Rating: 3 out of 5.

Ryan Gosling headlining, an exciting onscreen reunion between Knives Out costars Ana de Armas and Chris Evans, and frequent Marvel collaborators the Russo Brothers behind the lens meant it was virtually impossible not to be excited for spy thriller, The Gray Man. For the real question though: does this Netflix movie live up to the hype? I would say yes, and no. It must be stated that The Gray Man is basically American James Bond on steroids, as if directed by Michael Bay—whether this statement has any actual appeal will determine one’s enjoyment either way. Personally, I found the action scenes magnificently over-the-top while the characterizations and story simply feel to be checking off the usual boxes. In other words, The Gray Man is an entertaining thriller boosted by its excellent ensemble cast.

All the way back in 2003, Court Gentry (Gosling, La La Land, Drive) is quietly trying to live out his sentence at Florida State Prison—eligible for parole in 2023–when recruitment handler Fitzroy (Billy Bob Thornton, Bad Santa, Mr. Woodcock) makes him an offer too compelling to refuse. Court’s entire sentence will be forgiven, but he must now work for an elite unit in the C.I.A., existing “in the gray” indefinitely. Flash forward 18 years (2021, for those who don’t want to do math), and Court now operates under the codename Six. “007 was taken,” he muses at one point in the film, not the first of the film’s attempts to be meta and subvert expectations. In the midst of a mission in Bangkok to eliminate a target that could “compromise national secrets,” Six accidentally unearths the surface of dark hidden C.I.A. baggage inside of a necklace.

If one has seen any given action film before, it is not entirely shocking that a bounty is quickly put on Six’s head. Manipulative and conniving Carmichael (Regé-Jean Page, Bridgerton, Mortal Enginges) is committed to recovering the asset no matter what the cost—even if that means hiring “unstable sociopath” Lloyd (Evans, Captain America, Not Another Teen Movie) much to the dismay of Carmichael’s colleague, Suzanne (Jessica Henwick, Iron Fist, The Matrix Resurrections). Painting himself as the baddie early on, Carmichael may not be all that intimidating, but seeing Page in this type of role is a thrill in itself. Tossing a pair of glasses on him still does not serve to lessen his sex appeal. The true villain of the picture though has to be Lloyd—his childish antics, including kicking Fitzroy in the face during an interrogation, and tossing a phone from a moving vehicle, are precursors to his wildly erratic tactics.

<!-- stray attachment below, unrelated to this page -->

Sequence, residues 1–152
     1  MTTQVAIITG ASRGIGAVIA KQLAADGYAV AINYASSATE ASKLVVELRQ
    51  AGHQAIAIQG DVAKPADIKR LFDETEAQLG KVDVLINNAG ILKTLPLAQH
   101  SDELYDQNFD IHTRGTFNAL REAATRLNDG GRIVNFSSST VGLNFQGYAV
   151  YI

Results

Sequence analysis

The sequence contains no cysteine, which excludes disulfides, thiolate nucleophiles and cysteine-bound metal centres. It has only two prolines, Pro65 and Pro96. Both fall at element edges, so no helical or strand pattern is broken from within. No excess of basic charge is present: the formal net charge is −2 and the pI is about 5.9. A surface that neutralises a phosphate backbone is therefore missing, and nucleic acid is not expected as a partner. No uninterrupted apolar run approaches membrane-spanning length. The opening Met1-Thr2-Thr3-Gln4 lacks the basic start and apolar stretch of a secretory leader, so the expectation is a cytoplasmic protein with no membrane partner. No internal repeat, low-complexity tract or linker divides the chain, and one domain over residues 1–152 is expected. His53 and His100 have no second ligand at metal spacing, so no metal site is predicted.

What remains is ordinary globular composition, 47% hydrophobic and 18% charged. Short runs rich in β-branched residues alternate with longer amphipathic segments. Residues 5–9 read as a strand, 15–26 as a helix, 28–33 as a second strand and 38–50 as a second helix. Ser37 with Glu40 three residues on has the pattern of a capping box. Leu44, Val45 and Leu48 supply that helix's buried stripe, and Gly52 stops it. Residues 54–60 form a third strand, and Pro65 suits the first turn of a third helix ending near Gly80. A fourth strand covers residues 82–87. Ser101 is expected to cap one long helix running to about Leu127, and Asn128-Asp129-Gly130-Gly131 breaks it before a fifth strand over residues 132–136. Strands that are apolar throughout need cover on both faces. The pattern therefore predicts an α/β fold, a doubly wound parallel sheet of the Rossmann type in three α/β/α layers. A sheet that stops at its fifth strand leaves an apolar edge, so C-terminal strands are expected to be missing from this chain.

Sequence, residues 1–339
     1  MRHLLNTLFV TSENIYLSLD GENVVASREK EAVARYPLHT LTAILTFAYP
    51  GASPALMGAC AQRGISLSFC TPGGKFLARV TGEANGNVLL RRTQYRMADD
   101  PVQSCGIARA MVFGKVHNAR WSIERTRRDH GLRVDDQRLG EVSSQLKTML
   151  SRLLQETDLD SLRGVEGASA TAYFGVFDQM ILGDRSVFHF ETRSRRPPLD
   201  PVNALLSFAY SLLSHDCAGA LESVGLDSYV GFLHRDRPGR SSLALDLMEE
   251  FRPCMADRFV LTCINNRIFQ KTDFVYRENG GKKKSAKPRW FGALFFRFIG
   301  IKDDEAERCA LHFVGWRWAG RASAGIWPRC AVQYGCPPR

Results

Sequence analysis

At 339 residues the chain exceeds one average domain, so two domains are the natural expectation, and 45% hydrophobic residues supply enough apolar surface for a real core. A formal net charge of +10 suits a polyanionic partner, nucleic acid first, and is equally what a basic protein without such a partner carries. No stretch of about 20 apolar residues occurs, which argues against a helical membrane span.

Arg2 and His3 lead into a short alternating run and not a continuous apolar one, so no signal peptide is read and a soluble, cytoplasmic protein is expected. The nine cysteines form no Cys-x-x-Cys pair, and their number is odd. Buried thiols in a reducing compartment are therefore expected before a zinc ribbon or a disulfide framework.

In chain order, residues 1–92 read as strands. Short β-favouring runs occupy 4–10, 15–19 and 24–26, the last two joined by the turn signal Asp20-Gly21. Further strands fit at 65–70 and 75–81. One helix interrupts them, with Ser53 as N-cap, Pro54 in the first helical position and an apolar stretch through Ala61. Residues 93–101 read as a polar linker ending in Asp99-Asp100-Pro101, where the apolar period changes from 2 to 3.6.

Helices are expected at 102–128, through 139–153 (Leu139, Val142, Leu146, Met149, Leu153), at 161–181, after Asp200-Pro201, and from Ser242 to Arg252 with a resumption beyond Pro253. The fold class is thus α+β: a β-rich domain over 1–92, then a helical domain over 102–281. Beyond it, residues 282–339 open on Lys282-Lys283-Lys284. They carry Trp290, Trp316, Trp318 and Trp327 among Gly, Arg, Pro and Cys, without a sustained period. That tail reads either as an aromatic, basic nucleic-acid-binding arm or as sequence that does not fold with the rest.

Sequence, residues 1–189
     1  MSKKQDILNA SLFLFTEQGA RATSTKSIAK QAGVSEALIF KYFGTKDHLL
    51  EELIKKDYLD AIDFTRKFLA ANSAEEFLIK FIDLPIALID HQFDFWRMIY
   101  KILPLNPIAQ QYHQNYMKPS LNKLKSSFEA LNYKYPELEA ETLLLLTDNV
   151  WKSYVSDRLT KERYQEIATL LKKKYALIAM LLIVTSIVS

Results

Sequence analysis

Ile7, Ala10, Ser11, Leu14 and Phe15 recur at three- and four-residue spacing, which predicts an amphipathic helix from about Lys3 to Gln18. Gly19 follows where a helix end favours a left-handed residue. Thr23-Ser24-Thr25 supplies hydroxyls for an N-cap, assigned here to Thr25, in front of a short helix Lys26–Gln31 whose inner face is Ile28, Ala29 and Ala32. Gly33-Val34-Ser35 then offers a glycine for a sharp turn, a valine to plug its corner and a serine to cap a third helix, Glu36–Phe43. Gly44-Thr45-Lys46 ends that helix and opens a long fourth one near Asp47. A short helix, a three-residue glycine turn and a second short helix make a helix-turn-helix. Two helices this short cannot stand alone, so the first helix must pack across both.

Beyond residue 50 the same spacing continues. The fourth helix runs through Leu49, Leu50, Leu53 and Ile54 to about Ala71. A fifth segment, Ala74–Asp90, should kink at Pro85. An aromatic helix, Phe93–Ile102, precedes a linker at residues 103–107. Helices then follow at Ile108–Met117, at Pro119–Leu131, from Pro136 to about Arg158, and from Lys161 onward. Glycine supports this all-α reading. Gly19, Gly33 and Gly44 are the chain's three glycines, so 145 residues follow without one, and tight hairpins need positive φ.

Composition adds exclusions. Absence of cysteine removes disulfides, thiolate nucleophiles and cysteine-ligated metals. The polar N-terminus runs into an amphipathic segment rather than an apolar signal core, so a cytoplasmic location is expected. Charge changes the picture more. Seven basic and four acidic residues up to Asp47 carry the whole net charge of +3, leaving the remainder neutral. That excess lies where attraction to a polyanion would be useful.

Also along for the ride is fellow C.I.A. agent, Dani (Ana de Armas, Knock, Knock, No Time to Die), who is hilariously responsible for constantly coming to Six’s rescue just when he needs it, and legendary operative Margaret Cahill (Alfre Woodard, A Series of Unfortunate Events, Annabelle), dying of cancer and living alone in Prague but vital to the endgame. Fitzroy’s pacemaker-addled niece, Claire, (Julia Butters, Once Upon a Time in Hollywood, 13 Hours: The Secret Soldiers of Benghazi) is snatched by Lloyd at around the halfway point, after which she too becomes deeply important. I found that Butters and Gosling have an adorable chemistry onscreen, even in the face of an insane barrage of varied gunfire.

Any way you slice it, there is simply no denying the strength of the action scenes. A big one in Bangkok starts the movie off in a literal fireworks display, while a fiery plane fight-for-survival section and The Gray Man’s lengthy final confrontation in a hedge maze are obvious highlights. Clearly that’s more than enough to forgive far too many false-endings, or the immediate need to set it up for future sequels. Whether you’ve come for Gosling’s abs, de Armas kicking major ass, Evans’s “trash ‘stache,” or something else entirely, The Gray Man may scratch that action-movie itch to make for the perfect Netflix couch-blockbuster of the summer.

The Gray Man shoot you “in the ass” with a dart when it debuts in select theatres on Friday, July 15th, then heads to Netflix on Friday, July 22nd.

Leave a Reply